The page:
Increase in male breast reduction surgery

  • 31 January 2011
  • From the section Health
Man with man boobs
Image caption Awareness of "man boobs" has increased according to BAAPS

The numbers of men having breast reduction surgery is increasing, according to the British Association of Aesthetic Plastic Surgeons (BAAPS).

The association said male breast reduction operations increased by 28% last year.

The operation is now the second most popular cosmetic operation for men - the most popular remains nose alterations.

BAAPS represents one third of the UK cosmetic surgery industry.

There were 741 operations to reduce male breasts last year by BAAPS members, up from 581 procedures in the previous year.

Cosmetic surgical procedures went up by 5% overall.

Rajiv Grover, consultant plastic surgeon and president elect at BAAPS, said that the increase in surgery was likely to be due to an increased awareness - and dislike - of 'man boobs'.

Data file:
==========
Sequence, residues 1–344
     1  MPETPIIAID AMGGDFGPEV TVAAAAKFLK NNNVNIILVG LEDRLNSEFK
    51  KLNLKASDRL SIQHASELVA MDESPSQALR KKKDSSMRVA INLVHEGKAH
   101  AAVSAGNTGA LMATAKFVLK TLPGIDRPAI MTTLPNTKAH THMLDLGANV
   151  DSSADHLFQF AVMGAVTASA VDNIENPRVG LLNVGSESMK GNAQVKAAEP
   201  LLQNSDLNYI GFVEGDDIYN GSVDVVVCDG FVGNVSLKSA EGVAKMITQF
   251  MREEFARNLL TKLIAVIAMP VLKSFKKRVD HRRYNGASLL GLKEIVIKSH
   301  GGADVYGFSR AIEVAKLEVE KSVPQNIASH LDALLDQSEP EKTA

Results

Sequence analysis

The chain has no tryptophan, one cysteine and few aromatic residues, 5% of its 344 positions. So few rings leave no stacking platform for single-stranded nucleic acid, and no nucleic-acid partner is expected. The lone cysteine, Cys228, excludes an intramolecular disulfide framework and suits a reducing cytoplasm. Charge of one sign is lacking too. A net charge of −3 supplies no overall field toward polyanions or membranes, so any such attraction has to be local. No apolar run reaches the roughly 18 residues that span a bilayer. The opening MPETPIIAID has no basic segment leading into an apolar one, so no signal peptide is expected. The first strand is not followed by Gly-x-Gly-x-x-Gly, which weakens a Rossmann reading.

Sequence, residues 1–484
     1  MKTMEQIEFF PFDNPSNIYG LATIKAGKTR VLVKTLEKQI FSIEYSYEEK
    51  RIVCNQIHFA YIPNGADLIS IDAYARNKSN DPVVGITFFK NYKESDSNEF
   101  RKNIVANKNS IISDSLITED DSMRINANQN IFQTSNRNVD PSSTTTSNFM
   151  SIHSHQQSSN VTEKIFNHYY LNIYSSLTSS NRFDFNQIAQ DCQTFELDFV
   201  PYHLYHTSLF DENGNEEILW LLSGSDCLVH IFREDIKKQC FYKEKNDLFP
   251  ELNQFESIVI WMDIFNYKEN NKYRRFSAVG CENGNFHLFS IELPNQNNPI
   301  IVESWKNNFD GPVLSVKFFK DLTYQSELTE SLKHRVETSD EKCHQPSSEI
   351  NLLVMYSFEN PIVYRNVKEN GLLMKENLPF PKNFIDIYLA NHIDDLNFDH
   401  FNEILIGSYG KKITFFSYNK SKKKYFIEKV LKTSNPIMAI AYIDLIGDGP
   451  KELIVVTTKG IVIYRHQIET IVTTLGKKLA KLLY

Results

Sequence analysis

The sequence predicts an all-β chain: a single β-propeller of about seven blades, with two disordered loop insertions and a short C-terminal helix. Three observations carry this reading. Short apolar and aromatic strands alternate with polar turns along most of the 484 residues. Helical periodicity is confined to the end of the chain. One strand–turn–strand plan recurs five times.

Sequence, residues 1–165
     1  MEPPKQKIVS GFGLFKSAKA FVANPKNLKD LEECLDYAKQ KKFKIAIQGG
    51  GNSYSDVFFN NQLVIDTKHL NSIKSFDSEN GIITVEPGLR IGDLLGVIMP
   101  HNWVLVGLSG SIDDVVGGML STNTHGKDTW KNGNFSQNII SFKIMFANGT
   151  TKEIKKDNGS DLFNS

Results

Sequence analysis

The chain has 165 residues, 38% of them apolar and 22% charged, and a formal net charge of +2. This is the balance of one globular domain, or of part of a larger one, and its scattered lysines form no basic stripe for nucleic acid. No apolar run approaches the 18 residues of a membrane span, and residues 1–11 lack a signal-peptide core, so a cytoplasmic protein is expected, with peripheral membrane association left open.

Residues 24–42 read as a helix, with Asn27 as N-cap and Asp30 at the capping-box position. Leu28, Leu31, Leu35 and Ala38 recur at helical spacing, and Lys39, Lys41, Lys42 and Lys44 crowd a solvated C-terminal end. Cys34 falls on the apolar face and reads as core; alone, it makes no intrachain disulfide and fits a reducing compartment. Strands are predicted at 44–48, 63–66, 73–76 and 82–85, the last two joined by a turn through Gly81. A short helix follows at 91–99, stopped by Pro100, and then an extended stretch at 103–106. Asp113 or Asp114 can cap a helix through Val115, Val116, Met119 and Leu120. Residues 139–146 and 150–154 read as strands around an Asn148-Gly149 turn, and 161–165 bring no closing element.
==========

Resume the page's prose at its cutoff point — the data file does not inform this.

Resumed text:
He said that around 30% of men who enquire about surgery are sent away to improve their diet and exercise more - these were men who were overweight overall, and would benefit from general weight loss.

Mr Grover said men who had surgery often had "stubborn areas" of fat deposits that were difficult to get rid of and "beyond exercise."

And he said men were now very aware of the way their torsos looked.

"Images in the media - coverage of high profile men like Simon Cowell and Jack Nicholson - make men think about this more.

"Just recently a vest was launched for men aimed at enhancing the way their chests look."

Peter Baker, from the Men's Health Forum, said men's weight problems would not be addressed by surgery.

"This is not a solution - these men need to change their diet and lifestyle"

"You see blokes who don't look real," he added.

"Men are beginning to be influenced by the same cultural pressures and stereotypes as women."

However, he said the real problem for many men was their overall weight.

"Men are generally getting bigger and increasingly becoming overweight and obese.

"The vast majority of them are not as bothered about it as they should be, so the real health challenge for men is to encourage them to think about their weight and to do something about it."

Most cosmetic surgery is carried out privately. The NHS will only consider funding it if there is an overriding physical or psychological reasons for considering cosmetic surgery.

The UK market for cosmetic surgery has been estimated as worth £2.3bn by market research company Mintel.

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